Oakland, Calif. – The Federal Emergency Management Agency (FEMA) has granted $2.2 million to the California Governor’s Office of Emergency Services (Cal OES) and Sonoma County to help 10 homeowners elevate their homes to protect from perennial flooding.
Homes identified for elevation have experienced years of widespread flooding that resulted in extensive damage on various occasions. Current FEMA flood maps show many of the structures in Special Flood Hazard Areas, but some were built before the maps existed. Today, elevating the structures is the only viable option to prevent future flood damage.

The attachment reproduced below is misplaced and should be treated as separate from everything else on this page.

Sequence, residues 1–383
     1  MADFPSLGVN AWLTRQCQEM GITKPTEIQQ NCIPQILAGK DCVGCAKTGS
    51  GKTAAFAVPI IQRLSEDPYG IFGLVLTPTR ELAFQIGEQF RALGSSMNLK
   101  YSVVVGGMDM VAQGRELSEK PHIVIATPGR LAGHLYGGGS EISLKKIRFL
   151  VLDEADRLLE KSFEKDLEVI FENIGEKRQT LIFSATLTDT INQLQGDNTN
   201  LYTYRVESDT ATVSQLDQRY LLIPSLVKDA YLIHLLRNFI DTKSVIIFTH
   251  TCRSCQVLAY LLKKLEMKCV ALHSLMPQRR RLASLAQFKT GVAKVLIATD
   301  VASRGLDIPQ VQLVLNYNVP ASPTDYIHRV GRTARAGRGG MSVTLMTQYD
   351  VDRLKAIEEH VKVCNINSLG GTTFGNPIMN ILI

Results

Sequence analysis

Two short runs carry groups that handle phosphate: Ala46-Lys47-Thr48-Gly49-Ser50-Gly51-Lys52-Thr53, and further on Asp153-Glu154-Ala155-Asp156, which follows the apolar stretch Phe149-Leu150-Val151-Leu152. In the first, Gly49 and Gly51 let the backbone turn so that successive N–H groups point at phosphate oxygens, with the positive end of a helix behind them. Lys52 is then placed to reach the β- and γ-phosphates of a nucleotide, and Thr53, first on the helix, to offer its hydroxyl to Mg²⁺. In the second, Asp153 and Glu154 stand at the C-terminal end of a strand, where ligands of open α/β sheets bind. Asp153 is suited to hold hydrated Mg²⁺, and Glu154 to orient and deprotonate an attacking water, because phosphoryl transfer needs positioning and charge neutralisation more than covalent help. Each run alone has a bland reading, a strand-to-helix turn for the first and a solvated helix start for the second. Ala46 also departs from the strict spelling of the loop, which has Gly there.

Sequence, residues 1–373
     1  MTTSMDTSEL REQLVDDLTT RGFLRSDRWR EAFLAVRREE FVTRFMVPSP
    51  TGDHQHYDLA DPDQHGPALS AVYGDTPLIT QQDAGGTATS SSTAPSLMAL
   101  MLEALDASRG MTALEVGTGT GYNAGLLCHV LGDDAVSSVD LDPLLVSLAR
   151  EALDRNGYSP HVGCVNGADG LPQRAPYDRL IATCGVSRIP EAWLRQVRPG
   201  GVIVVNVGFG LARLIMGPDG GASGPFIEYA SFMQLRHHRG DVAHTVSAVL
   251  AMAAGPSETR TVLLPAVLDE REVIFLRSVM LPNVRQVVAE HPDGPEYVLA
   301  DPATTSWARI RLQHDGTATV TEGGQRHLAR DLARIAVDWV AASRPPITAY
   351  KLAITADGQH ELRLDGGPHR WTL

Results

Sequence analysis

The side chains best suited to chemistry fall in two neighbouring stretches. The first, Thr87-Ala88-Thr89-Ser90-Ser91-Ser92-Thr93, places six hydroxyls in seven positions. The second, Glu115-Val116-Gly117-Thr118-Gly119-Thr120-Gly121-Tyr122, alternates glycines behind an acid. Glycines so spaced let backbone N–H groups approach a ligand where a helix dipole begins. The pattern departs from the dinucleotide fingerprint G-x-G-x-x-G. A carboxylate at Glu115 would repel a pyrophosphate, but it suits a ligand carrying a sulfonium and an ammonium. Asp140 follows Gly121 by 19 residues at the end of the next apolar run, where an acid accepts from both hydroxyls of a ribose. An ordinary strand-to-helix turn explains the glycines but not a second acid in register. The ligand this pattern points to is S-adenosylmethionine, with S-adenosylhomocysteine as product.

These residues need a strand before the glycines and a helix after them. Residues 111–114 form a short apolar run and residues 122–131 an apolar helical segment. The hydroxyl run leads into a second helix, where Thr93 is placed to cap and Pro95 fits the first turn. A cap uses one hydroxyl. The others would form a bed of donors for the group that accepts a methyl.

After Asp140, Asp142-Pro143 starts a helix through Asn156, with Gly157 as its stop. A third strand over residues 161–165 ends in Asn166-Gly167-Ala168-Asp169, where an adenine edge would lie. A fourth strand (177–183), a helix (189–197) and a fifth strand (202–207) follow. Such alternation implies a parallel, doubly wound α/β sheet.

Each project will lift the home from its foundation by at least a foot above identified flood levels, build a new foundation, construct new stairs and entry decks, reconnect the utilities, and ensure the final inspection and elevation certificate are completed.
The $2.9 million Hazard Mitigation Grant Program (HMGP) project will be funded by a $2.2 million grant from FEMA, with non-federal sources covering the $733,000 balance.
FEMA’s HMGP helps states, territories, federally-recognized tribes, local communities and certain private, non-profit organizations become more resilient to potential infrastructure damage and reduce future disaster costs. In the past 30 years, FEMA has invested more than $1.3 billion to reduce disaster risk in California.